Former President U Thein Sein (right) talks to the regime leader Min Aung Hlaing (left) in March 2022.

He earned a reputation as a reformist president for initiating a series of reforms, while also maintaining the military’s leading role in politics. It was the roadmap of his mentor, former dictator Than Shwe, and U Thein Sein stuck to it.

“Before he did anything during his tenure as president, U Thein Sein always considered if Senior General Than Shwe would like it,” U Soe Thane always said in chats with his friends.

But core members of the military’s proxy Union Solidarity and Development Party (USDP) blamed U Thein Sein for bringing Daw Aung San Suu Kyi back into politics, after Than Shwe had excluded her from parliament. Those USDP members blamed U Thein Sein for ‘resurrecting the dead tiger’.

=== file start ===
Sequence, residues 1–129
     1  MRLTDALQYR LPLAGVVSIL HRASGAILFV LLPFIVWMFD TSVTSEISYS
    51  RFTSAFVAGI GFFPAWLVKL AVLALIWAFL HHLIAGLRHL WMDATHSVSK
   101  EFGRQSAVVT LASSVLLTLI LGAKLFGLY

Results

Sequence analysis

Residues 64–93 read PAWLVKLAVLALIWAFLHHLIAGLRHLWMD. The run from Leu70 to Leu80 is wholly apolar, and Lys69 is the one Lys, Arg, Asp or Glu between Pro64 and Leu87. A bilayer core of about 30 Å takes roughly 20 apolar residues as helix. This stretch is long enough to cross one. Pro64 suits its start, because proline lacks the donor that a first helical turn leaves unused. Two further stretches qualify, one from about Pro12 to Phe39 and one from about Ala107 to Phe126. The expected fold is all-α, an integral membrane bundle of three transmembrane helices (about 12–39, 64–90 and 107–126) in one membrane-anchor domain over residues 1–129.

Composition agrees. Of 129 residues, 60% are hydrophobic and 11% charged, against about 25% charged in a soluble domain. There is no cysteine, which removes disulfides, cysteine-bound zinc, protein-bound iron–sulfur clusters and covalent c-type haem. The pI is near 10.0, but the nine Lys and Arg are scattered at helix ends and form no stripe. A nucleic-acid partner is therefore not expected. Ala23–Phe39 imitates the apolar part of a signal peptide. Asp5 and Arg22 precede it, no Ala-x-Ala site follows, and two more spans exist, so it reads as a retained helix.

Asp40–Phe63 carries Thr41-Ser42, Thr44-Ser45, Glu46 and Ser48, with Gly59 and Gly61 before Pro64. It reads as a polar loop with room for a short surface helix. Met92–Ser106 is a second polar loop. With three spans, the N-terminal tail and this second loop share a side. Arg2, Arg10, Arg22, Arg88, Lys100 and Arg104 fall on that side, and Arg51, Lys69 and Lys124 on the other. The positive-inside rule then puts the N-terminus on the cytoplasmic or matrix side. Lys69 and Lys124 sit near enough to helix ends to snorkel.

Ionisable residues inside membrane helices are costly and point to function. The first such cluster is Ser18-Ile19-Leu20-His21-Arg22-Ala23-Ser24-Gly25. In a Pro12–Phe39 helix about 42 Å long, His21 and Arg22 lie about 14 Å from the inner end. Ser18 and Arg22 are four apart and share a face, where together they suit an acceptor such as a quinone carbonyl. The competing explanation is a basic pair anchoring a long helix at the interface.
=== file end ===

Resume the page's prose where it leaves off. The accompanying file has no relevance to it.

Their concerns were realized when Suu Kyi and the NLD won a landslide victory in the 2015 general election.

Than Shwe did not intervene in the 2014-2015 power struggle between U Thein Sein and Thura U Shwe Mann, the then speaker of parliament, because he was angry that U Thein Sein brought Daw Aung San Suu Kyi and the NLD back into politics, wrote U Ye Htut in his book “Myanmar’s Political Reforms and Lost Opportunities”.

After the NLD took power in 2016, the generals felt a growing threat to the Myanmar military’s leadership role in politics. To their relief, Min Aung Hlaing seized power last year, so preventing the NLD from governing for another five years after the party won the 2020 general election.

Min Aung Hlaing pays respects to U Thein Sein

Retired generals gathered in Naypyitaw on Armed Forces Day on March 27. Their appearance at the commemoration hosted by the current regime proves that they are all in solidarity with junta leader Min Aung Hlaing.

Ex-president U Thein Sein during the consecration ceremony of a pagoda in Naypyitaw on May 14, 2022.